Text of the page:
These carefully cut magazine snippets have rested on this canvas for days. It feels wrong to glue them down, to take a complex opinion and put it on display as three aggressively confident words.
Perhaps I can do my thoughts more justice here.
I encounter so much information on a daily basis. Words allegedly spoken by famous people, the latest science on covid-19, ways to avoid writing bugs at work. It's a lot to take in. I'd love to be able to carefully question and research every piece of information I come across, especially if I might use it to make decisions, but I just don't have the mental bandwidth for this. Instead, I choose which information I'm happy to simply accept as probable truth so that I can move on with my life.
Some information that I accept as probable truth turns out to be wrong, and this is fine, but sometimes it feels like I took the easy "just believe it" route largely because someone spoke confidently about its validity. I'm frustrated by this phenomenon, but what really annoys me is when people say that speaking confidently is just a style of communication, as if sharing this communication style would have helped me see how they could have been wrong.
It doesn't feel like it's just a different communication style. It feels like a less accurate communication style.
Someone once told me to just pretend that they said "I think" before any statement they made, since it was too difficult for them to remember to add this every time. But that doesn't solve the problem. Sometimes people communicate ideas they're quite certain of, and sometimes they communicate things they're unsure about, or that they know are personal opinions.
These three statements have very different meanings to me:
I want to interact with people who communicate these differences in their communication. I don't want to interact with people who say "your code is bad" and expect me to understand what they mean.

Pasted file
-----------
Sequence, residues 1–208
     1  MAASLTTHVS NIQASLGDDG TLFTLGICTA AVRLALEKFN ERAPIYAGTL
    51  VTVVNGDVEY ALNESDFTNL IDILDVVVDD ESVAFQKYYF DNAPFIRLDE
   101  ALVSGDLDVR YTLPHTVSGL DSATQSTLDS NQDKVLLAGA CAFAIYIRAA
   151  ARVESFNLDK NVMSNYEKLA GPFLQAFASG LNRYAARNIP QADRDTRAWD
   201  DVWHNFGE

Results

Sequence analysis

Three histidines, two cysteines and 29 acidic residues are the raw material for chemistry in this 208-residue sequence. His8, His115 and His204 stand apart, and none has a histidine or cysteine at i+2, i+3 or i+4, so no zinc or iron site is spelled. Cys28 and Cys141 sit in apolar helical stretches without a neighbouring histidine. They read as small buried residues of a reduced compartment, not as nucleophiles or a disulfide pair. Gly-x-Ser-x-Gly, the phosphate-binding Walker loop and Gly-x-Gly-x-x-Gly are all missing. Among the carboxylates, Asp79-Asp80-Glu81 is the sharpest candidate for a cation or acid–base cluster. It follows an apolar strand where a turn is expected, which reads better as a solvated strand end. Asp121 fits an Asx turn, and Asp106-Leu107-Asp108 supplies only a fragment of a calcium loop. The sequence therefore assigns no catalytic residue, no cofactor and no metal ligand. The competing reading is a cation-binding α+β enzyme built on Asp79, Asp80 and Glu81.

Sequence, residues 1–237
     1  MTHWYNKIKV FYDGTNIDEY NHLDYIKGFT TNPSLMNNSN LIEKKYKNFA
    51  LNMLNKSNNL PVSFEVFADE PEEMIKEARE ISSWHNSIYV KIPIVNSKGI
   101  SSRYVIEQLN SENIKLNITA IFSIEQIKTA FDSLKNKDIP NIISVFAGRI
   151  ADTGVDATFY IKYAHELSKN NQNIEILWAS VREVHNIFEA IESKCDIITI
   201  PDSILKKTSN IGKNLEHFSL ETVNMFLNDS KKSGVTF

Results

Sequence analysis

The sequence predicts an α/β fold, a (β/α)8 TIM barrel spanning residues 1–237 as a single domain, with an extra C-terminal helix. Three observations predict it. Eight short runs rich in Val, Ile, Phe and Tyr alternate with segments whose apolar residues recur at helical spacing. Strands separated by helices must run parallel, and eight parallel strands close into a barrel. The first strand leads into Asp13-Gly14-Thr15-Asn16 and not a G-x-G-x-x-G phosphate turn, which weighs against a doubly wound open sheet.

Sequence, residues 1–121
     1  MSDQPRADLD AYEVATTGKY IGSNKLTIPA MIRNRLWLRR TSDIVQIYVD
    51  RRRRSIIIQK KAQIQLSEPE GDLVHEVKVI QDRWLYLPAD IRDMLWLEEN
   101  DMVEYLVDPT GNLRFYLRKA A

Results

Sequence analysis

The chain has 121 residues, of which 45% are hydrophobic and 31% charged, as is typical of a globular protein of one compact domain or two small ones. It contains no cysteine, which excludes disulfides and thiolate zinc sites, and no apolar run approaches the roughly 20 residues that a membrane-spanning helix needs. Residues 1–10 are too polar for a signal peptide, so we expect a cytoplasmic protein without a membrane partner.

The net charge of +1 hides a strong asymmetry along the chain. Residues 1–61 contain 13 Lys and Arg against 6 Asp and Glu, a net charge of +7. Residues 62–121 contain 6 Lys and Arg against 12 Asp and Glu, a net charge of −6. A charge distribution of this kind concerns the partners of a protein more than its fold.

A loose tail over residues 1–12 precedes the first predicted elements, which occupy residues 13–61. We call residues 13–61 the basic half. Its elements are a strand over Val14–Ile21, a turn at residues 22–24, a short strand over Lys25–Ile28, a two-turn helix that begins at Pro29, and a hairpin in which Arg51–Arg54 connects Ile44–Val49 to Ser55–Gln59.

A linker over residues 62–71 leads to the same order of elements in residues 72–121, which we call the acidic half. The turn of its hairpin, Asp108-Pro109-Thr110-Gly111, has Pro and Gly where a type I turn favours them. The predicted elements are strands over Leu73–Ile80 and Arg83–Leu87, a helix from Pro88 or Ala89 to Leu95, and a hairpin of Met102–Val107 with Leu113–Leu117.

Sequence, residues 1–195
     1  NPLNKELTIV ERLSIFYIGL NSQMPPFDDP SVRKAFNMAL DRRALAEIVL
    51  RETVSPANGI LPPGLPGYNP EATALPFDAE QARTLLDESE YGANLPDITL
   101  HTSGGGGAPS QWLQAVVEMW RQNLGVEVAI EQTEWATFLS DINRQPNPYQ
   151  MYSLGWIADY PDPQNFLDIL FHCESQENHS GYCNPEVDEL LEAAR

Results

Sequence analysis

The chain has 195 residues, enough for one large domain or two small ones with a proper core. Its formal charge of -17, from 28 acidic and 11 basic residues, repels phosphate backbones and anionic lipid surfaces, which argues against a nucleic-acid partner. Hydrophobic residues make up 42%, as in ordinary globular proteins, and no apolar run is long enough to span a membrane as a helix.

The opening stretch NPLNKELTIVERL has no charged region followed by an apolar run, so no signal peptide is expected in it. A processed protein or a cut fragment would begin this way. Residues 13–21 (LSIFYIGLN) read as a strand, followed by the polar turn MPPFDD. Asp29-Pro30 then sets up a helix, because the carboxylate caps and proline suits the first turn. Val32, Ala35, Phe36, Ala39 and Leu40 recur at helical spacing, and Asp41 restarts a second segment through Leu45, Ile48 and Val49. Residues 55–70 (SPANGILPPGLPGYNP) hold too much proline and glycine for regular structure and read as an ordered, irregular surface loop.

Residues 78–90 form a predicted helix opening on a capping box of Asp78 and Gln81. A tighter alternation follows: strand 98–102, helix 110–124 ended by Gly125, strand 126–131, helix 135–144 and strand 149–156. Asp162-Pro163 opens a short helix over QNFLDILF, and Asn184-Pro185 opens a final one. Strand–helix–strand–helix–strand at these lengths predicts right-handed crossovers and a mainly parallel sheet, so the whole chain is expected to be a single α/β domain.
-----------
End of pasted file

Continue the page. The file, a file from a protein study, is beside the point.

Someone once told me that "when a person in a position of power expresses opinions strongly, it removes the space in which people can have a dialogue", and I notice this often. I even find that it removes the space for my mind to naturally question and explore the stated opinion.
These consequences are strengthened by power and seniority. For many years, I was the most junior engineer on my team, and it was easy to think that my confident senior coworkers knew much more about writing code than me, and that the confident things they said must usually be right. It surprised me how often nagging doubts I had turned out to be actual problems.
Why didn't I speak up more? Perhaps an easier solution is that I should be more confident? At least, that's what people keep telling me. Confidence has helped me voice nagging doubts, it has helped me advocate for things that feel important, it has created space for me to challenge the information I see confidently spewed around me.
I do think there is value in developing confidence in my thoughts and abilities, and that it's useful to phrase things confidently when I'm communicating something that I feel is likely true. And there are certain contexts where I can figure out that someone is less confident about something than it might appear from the way they're communicating. But it would also be nice if people would stop phrasing things to sound so certain when they know they could easily be wrong. Fuck their confidence!
Ok it's pretty hard to write about this topic in only a day, so this still feels half-baked (I guess that's today's experiment!) but I think this at least feels a bit more represenative of my thoughts than the collage art.
Maybe I'll return to some more ideas later: